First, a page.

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And he has no peer as a writer of prose, especially literary criticism, and as a translator. Prose Home Harriet Blog. Visit Home Events Exhibitions Library. Newsletter Subscribe Give. Poetry Foundation. Back to Previous. By John Dryden. This Flecknoe found, who, like Augustus, young.
Was call'd to empire, and had govern'd long:. In prose and verse, was own'd, without dispute. Through all the realms of Non-sense, absolute. Worn out with business, did at length debate. Cry'd, 'tis resolv'd; for nature pleads that he. The rest to some faint meaning make pretence,.
Thoughtless as monarch oaks, that shade the plain,. And, spread in solemn state, supinely reign. When thou on silver Thames did'st cut thy way,. With well tim'd oars before the royal barge,. Swell'd with the pride of thy celestial charge;. The like was ne'er in Epsom blankets toss'd. The lute still trembling underneath thy nail.
At thy well sharpen'd thumb from shore to shore. The treble squeaks for fear, the basses roar:. Thou wield'st thy papers in thy threshing hand. Andre's feet ne'er kept more equal time,. Not ev'n the feet of thy own Psyche's rhyme:. And vow'd he ne'er would act Villerius more. Here stopt the good old sire; and wept for joy. All arguments, but most his plays, persuade,. Close to the walls which fair Augusta bind,. An ancient fabric, rais'd t'inform the sight,.
A watch tower once; but now, so fate ordains,. Where their vast courts, the mother-strumpets keep,. And, undisturb'd by watch, in silence sleep. Where queens are form'd, and future heroes bred;. Where unfledg'd actors learn to laugh and cry,.
Great Fletcher never treads in buskins here,. Here Flecknoe, as a place to fame well known,. That in this pile should reign a mighty prince,. Born for a scourge of wit, and flail of sense:. To whom true dullness should some Psyches owe,. But worlds of Misers from his pen should flow;. Whole Raymond families, and tribes of Bruce. Now Empress Fame had publisht the renown,. From near Bun-Hill, and distant Watling-street.
But loads of Shadwell almost chok'd the way. Bilk'd stationers for yeoman stood prepar'd,. His brows thick fogs, instead of glories, grace,. And lambent dullness play'd around his face.
So Shadwell swore, nor should his vow be vain,. That he till death true dullness would maintain;. And in his father's right, and realm's defence,.
Ne'er to have peace with wit, nor truce with sense. Whose righteous lore the prince had practis'd young,. And from whose loins recorded Psyche sprung,. His temples last with poppies were o'er spread,. Just at that point of time, if fame not lie,. On his left hand twelve reverend owls did fly. Presage of sway from twice six vultures took. The sire then shook the honours of his head,. Heavens bless my son, from Ireland let him reign.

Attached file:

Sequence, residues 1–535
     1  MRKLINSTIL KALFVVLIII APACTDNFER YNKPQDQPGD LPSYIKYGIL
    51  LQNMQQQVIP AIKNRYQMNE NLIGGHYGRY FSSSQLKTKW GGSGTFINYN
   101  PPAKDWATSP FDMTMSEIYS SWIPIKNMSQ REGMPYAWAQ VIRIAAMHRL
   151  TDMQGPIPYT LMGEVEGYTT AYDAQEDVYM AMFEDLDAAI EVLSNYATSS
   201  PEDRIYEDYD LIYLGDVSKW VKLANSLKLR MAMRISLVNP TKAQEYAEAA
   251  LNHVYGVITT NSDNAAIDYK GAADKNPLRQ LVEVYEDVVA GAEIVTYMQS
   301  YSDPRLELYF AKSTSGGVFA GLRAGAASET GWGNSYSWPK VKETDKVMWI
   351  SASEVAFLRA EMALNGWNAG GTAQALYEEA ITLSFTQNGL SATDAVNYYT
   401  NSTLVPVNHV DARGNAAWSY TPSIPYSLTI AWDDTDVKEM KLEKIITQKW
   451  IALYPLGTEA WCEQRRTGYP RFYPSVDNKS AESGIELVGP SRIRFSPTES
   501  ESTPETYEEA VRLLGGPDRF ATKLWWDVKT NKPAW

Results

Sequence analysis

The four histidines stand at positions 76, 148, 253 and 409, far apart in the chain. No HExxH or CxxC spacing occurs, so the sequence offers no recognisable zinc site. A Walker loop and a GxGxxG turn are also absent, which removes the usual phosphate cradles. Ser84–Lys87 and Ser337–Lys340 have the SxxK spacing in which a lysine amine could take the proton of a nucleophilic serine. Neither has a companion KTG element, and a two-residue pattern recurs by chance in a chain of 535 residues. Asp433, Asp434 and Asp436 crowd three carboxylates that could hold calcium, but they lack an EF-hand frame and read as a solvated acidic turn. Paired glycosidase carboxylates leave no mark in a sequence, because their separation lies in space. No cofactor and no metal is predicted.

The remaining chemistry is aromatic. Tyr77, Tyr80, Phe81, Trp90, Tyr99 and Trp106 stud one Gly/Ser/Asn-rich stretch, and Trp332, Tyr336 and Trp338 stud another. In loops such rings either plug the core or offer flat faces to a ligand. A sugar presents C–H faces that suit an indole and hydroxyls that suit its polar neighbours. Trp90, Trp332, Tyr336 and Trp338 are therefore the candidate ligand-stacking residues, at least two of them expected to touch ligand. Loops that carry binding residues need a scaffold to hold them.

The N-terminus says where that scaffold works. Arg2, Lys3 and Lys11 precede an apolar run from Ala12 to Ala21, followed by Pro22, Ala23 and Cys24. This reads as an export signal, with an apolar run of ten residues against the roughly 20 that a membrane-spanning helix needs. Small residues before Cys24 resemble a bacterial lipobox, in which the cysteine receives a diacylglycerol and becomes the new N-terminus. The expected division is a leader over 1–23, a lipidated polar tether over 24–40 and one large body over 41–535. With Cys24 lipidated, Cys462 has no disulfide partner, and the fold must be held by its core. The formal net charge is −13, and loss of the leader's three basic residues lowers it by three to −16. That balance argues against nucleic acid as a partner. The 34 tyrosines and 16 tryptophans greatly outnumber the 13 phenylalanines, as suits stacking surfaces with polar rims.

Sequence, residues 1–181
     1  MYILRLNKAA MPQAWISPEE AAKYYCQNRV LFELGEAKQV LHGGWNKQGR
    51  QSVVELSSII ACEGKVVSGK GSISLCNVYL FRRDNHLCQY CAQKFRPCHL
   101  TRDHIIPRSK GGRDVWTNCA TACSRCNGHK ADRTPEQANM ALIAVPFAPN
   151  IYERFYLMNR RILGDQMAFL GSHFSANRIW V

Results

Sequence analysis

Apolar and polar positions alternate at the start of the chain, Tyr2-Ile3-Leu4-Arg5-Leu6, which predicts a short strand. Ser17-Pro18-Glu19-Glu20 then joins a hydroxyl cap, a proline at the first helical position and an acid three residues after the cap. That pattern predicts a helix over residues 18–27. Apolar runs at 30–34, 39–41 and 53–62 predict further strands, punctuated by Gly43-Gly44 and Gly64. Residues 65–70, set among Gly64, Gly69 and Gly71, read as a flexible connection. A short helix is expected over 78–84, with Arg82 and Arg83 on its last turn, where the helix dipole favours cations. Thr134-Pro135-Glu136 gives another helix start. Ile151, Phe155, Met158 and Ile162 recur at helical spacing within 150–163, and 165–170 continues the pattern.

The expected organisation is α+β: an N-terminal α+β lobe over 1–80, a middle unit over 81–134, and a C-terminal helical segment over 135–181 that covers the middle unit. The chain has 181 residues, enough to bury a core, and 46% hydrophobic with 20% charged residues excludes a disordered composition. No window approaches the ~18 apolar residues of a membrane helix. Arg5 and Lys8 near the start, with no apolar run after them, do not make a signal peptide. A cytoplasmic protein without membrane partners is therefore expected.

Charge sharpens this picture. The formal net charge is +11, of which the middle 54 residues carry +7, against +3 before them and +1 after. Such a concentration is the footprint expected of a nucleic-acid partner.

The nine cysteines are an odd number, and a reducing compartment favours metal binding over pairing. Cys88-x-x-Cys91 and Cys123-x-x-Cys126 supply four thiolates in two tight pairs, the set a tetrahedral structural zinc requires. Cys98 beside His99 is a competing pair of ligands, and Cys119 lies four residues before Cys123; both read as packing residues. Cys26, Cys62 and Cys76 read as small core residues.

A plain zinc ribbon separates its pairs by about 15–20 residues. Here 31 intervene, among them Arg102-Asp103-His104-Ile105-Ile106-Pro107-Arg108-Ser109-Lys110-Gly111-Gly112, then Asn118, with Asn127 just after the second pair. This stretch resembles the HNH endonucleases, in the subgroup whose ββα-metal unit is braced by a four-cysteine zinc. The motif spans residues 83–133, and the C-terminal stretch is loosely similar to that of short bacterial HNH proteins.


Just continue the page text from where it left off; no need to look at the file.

And greater than his father's be his throne. Beyond love's kingdom let him stretch his pen;. Pangs without birth, and fruitless industry. Let gentle George in triumph tread the stage,. Let Cully, Cockwood, Fopling, charm the pit,. Yet still thy fools shall stand in thy defence,. All full of thee, and differing but in name;. And when false flowers of rhetoric thou would'st cull,. But write thy best, and top; and in each line,. Sir Formal, though unsought, attends thy quill,.
Nor let false friends seduce thy mind to fame,. Let Father Flecknoe fire thy mind with praise,. Thou art my blood, where Jonson has no part;. Where made he love in Prince Nicander's vein,. Or swept the dust in Psyche's humble strain? Where sold he bargains, whip-stitch, kiss my arse,. When did his muse from Fletcher scenes purloin,. As thou whole Eth'ridge dost transfuse to thine?
This is thy province, this thy wondrous way,. By which one way, to dullness, 'tis inclin'd,. Which makes thy writings lean on one side still,. Thy Tragic Muse gives smiles, thy Comic sleep. With whate'er gall thou sett'st thy self to write,. Leave writing plays, and choose for thy command. There thou may'st wings display and altars raise,.
And torture one poor word ten thousand ways. Or if thou would'st thy diff'rent talents suit,. Set thy own songs, and sing them to thy lute. He said, but his last words were scarcely heard,. The mantle fell to the young prophet's part,. Mac Flecknoe. From Audio Poem of the Day April Read More. More Poems by John Dryden. Absalom and Achitophel. Song: Calm was the even, and clear was the sky. See All Poems by this Author. See a problem on this page?
And he has no peer as a writer of prose, especially literary criticism, and as a translator. Prose Home Harriet Blog. Visit Home Events Exhibitions Library. Newsletter Subscribe Give. Poetry Foundation. Back to Previous.
Mac Flecknoe Summary
Genre: Verse satire "Mac" , commendatory or "public" verse "Annus" , and prose essay. Form: rhyming couplets "heroic couplets," though "Mac" is " mock epic verse" , four-line stanzas of rough iambic pentameter rhyming abab "Annus" , and prose. For a modern parody of the "mock heroic" style, see "Al Pope"'s Ratiad Other characters represent contemporary or recent poets Heywood, Decker, Shirley, Fletcher , or they are allegorical, part of the epic "machinery of the gods" by which Dryden mocks Shadwell, making him inherit the throne of Nonsense.
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